Friday, January 21, 2011

Will you just make a decision?

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Major General George B. McClellan (National Archives)
"Indecision and delays are the parents of failure" ~ George Canning


You have checked all the facts, figures, and opinions of your management team, you then re-checked them, your ready to launch your new campaign. Right before you push the button you start to doubt yourself and all the information that you've used to come to this decision. The "What if's" start to bombard you, you are doubting that you are in the right position to launch.


There are many of Leaders and managers out there that have this all to common problem. Indecision, the inability to make a decision. Meet Major General George B. McClellan, he is here today to show us why indecision is a quick way to failure.


General McClellan was a graduate of West Point and had been involved in the Mexican-American war as a engineer. He had even went back to be an instructor at West Point prior to resigning his commission and working for the Illinois central railroad. In 1861 at the outbreak of the American Civil War. Ohio Governor William Dennison appointed George McClellan to Major General of the Ohio Volunteers. Based on his previous history in the military and Governor Dennison pressure, President Lincoln appointed George McClellan to the rank of Major General in the regular army. Major General McClellan had two quick victories, so to speak. One, he prevented Kentucky from seceding from the Union. Secondly, he fought a series of engagements in what is now, West Virginia, that kept the south from taking control of that part of Virginia. The importance of these two victories combined with General McDowell's defeat at the Battle of First Bull Run, had Major General McClellan as the Commander of the Army of the Potomac and by November of 1861 he was the General-in-Chief of all federal armies.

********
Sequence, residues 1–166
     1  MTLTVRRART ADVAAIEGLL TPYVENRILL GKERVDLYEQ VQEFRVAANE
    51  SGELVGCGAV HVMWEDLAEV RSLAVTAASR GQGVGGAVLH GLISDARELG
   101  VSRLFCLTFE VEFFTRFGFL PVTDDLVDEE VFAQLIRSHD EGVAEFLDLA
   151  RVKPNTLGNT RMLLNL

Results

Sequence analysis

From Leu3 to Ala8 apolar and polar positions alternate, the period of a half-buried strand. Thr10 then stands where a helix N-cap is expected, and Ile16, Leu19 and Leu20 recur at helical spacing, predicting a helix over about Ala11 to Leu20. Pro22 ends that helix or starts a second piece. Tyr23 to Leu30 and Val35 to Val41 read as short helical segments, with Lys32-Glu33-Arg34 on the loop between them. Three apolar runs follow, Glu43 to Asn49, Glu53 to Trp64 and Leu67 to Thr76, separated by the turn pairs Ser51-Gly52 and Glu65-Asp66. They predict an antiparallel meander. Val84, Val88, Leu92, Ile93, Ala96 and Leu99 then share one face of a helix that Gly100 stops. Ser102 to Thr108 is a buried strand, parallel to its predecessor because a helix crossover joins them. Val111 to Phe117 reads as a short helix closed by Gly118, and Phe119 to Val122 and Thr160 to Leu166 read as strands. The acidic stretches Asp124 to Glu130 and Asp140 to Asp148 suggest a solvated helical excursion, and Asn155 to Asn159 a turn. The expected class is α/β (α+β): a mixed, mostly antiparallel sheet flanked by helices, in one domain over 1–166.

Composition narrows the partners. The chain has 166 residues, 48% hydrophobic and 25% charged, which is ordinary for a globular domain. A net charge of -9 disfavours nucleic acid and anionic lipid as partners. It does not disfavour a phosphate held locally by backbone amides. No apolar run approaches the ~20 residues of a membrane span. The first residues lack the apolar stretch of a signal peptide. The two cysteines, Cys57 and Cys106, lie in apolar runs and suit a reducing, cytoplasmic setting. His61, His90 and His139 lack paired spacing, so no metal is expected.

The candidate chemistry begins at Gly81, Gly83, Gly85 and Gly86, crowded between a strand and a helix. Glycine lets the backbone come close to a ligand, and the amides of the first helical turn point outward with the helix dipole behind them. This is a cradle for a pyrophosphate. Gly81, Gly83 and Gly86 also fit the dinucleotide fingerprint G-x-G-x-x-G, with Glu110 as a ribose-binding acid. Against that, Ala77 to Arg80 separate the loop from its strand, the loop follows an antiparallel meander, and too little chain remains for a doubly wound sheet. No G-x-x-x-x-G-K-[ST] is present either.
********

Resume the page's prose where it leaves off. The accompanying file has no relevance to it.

Major General McClellan went from leading volunteers to leading the entire Union Army in 7 months! Granted, the union was looking for anyone to bring them some victories and save some face after the initial wins by the south. Still, it was pretty impressive. Let's look at some of his good traits:


  • Great organizer: Upon taking over the Army of the Potomac he provided them with training and re-organized them into a more efficient fighting unit.
  • Great Motivator: The union army was down and out, low self-esteem, he instilled in them an esprit de corps. By all accounts from that time, his men loved him.
  • Great planner: He could plan all day long, consistently taking everything into account.
Now the bad:
  • Terrible execution: He had the great plan, motivated men and commanders, yet he would not pull the trigger. He always was convinced that the southern armies opposing him had greater numbers. He even felt this way when he had credible facts and information that he had the superior force.
  • Poor communication with superiors: There where many times that Major General McClellan would blow off President Lincoln and other politicians of the time. Therefore, he quickly lost support in Washington,D.C.